16 November 2021

The economics of genetic resources in agriculture

How can new crop varieties – the products of plant-breeding innovation – be beneficially diffused from one setting to another, when the value contained within seeds is not immediately observable but instead must be discovered through experimentation? This question underlies the whole of Nicholas Tyack’s PhD thesis. He investigates it by studying how different institutional changes and investments affect such diffusion efforts, and the ramifications for the economics of development in the agricultural sector.

How did you come to choose your research topic?

After majoring in biology during my undergraduate studies, when I was primarily interested in ecology and plant science, I spent a year undertaking an independent research project on the economic valuation of crop wild relatives (wild plants related to crop plants) with the Global Crop Diversity Trust in Rome, Italy, an organisation working to safeguard the world’s agricultural biodiversity. It was this experience that helped me better understand how essential the genetic diversity of crop plants is for agriculture and society more broadly, and that set me on the path to eventually writing a thesis on the topic of the economics of genetic resources in agriculture.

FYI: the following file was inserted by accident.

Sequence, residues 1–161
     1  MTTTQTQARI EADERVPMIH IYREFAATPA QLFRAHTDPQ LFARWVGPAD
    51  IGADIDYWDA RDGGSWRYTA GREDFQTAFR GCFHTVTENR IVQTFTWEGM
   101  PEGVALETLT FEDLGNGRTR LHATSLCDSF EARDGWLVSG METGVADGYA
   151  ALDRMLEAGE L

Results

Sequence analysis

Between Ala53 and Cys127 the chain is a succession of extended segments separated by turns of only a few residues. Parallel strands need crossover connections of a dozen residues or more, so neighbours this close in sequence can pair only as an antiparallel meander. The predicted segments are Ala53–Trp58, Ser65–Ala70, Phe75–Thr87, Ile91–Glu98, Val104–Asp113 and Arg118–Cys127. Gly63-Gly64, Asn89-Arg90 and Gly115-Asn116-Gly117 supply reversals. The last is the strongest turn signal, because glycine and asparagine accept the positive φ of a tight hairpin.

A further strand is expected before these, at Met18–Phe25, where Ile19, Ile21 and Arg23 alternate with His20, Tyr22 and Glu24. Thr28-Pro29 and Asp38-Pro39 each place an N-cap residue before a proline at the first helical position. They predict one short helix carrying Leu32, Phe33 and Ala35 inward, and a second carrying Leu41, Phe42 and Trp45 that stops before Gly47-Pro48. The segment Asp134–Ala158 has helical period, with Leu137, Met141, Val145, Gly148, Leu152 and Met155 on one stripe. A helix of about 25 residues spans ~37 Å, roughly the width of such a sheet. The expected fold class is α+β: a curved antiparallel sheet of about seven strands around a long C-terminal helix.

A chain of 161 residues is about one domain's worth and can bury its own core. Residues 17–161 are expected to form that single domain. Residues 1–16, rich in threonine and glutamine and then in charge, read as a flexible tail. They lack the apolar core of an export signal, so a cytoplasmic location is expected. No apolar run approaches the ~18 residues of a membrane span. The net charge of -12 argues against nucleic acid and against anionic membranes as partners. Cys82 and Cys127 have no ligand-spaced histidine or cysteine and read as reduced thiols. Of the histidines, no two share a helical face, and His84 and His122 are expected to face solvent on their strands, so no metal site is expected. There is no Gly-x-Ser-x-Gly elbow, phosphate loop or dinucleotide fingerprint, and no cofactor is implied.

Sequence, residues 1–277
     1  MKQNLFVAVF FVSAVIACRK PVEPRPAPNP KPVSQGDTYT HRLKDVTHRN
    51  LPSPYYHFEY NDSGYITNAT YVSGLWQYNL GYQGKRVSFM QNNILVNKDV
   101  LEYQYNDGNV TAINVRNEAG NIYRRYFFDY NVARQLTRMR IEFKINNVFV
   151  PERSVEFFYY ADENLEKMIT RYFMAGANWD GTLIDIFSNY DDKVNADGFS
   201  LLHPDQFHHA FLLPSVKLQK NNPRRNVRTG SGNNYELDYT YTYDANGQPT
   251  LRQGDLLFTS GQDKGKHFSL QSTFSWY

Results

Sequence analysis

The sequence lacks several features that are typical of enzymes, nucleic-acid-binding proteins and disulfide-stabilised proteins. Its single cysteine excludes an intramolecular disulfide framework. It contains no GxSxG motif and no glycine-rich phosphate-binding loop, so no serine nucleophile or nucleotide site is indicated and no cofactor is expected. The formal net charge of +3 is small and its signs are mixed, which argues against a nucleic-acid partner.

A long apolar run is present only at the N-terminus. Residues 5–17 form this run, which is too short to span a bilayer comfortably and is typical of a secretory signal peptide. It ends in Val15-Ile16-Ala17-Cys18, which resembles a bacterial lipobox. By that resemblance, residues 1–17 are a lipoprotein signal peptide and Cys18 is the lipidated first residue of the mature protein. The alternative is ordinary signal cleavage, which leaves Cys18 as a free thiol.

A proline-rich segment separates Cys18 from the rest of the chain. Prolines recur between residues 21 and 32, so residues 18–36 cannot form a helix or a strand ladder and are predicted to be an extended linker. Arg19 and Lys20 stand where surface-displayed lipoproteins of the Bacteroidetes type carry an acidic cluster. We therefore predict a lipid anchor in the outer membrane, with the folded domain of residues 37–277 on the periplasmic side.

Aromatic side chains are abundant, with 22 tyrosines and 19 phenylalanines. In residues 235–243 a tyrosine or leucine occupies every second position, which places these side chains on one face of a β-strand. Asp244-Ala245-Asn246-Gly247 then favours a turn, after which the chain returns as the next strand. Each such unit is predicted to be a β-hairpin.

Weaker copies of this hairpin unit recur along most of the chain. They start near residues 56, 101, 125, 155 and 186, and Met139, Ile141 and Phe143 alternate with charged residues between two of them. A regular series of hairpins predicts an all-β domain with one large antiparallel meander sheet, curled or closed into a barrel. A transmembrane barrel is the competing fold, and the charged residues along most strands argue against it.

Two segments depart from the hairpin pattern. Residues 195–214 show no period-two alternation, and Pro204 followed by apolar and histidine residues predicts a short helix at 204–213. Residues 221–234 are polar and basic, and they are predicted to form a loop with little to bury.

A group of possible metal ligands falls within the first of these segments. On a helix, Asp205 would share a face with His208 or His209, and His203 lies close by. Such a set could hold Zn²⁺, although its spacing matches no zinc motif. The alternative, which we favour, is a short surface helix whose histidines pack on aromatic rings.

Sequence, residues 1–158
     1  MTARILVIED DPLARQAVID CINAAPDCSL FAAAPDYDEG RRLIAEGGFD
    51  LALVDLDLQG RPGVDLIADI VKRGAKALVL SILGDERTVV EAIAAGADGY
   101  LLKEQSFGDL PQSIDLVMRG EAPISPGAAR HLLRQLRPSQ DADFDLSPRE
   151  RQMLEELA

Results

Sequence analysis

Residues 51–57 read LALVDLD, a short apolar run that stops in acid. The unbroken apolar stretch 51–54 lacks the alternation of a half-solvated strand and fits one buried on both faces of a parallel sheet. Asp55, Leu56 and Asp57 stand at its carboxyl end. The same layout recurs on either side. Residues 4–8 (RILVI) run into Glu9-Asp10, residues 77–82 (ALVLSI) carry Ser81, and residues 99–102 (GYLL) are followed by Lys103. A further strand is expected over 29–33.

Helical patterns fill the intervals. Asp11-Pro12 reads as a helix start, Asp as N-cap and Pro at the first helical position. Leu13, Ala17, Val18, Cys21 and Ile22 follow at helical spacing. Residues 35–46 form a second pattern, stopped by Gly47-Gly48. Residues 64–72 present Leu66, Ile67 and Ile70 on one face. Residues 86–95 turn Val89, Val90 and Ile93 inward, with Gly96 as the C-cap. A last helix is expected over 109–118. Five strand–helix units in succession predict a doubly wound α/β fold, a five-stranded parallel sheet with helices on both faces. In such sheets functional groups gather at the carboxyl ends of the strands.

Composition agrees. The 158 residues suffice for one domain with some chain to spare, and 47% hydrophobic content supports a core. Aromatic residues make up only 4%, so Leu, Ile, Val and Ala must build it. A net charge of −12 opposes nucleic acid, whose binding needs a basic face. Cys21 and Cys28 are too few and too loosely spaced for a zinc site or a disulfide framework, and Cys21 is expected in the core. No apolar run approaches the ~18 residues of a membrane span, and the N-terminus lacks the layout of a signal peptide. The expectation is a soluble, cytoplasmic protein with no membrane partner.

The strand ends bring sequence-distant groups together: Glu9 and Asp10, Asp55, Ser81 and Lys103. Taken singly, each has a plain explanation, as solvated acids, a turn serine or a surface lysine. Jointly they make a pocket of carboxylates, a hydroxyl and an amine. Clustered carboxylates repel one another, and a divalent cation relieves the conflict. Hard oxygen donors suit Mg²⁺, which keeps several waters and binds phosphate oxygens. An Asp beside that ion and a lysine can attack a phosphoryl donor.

What are your main research questions?

The promise of the advances in plant breeding that occurred as a result of the development of Mendelian genetics for development leads to several important economic questions related to innovation, diffusion, adoption, and displacement: What is the best way in which high-yielding varieties can be diffused from developed to developing countries, and what role do regulatory frameworks such as intellectual property right protection play in either aiding or restricting diffusion? What are the frictions that make technology transfer more difficult, such as information asymmetry in markets for improved seed, and how can “counteracting institutions” such as certification systems lessen the impact of such problems? And what is lost when farmers abandon the diverse farmer varieties they had been cultivating to adopt modern varieties?

In the three chapters of my thesis, I investigate three topics associated with these questions, arising from the technological revolution in agriculture initiated by the advent of scientific, Mendelian plant breeding and the diffusion of modern crop varieties across the developing world. I investigate these issues on three levels: international (in the first paper), national (in the second), and local (at the village level, in the third paper). 

Can you describe each of these papers? 

In my first paper, “The Diffusion of Genetic Resources and Yield Gaps in the Developing World”, I analyse the conditions under which the international diffusion of modern varieties led to the convergence of developing country yields towards the technological frontier, and the role played by developing country institutions and investments in contributing to successful diffusion. Using a cross-country sample spanning the period of the Green Revolution (1960–2005), I find that developing country institutions and R&D investments mattered for the success of diffusion.